The Indigenous Stranger
written by: Mounia Mnouer
When you want to breathe, but can’t find your breath
When you want to smile, but can’t find your muscle strength
A heavy weight that prevents you from seeing straight.
You try looking for ways to lift the weight.
Wait! Do I need to debate?
Am I sad because I am far from my African land?
So far, the emotions are hard to comprehend?
So far, I am locked in a stranger’s jar,
in the world of the diaspora,
where we need to debate who we are
I am stuck in this constant fear,
that my Indigenous identity would disappear
I am stuck in a constant fear
that my inner spirit I will not hear
that my soil would not recognize my trace,
that my ancestors would look at me and say:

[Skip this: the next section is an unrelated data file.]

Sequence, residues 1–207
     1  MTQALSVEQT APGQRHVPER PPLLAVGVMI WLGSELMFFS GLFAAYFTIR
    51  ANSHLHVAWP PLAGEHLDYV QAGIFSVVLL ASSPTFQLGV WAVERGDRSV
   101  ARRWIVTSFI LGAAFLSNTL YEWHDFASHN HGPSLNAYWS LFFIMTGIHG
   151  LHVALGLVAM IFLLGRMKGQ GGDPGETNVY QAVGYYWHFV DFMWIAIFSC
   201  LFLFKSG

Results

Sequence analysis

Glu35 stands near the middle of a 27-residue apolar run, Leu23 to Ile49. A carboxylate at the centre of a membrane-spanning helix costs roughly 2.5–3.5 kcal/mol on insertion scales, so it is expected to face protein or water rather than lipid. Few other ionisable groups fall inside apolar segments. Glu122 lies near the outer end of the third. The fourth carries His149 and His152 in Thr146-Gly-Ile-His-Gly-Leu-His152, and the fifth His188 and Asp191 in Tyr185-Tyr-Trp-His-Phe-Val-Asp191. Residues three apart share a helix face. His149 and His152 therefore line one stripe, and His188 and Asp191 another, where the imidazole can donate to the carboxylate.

Who is this visitor with a suitcase?
Dr. Mounia Mnouer is an independent scholar. She is originally from Morocco. Both her parents and their families are Indigenous people of Morocco, Imazighen. Mounia grew up in Meknes, Morocco and she identifies as Indigenous North African. She has been active in human rights’ matters, as she works with the Moroccan Organization of Human Rights. She enjoys writing poetry and creative non-fiction as a way to express her voice on current issues. Her works appeared in Spillwords, Typehouse Literary Magazine, the Metric, and Diverse: Issues in Higher Education. She works on autoethnographies that pertain to Amazigh identities in the diaspora, issues of decolonization, and engaging in social justice education.
Latest posts by Mounia Mnouer (see all)
- An Immigrant’s Dilemma - June 6, 2021
- A Letter to Nanna - June 10, 2020
- The Indigenous Stranger - April 21, 2020